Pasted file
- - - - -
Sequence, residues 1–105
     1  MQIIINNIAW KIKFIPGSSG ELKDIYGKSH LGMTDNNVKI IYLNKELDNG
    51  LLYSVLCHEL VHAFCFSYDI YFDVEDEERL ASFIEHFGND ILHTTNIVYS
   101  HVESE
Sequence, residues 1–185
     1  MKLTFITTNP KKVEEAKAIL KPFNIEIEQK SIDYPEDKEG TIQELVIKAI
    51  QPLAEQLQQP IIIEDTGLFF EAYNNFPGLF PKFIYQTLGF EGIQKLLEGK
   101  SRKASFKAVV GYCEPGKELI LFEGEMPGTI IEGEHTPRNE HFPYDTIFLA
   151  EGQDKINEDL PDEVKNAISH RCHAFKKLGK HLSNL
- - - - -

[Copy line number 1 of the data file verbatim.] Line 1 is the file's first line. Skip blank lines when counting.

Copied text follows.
Sequence, residues 1–105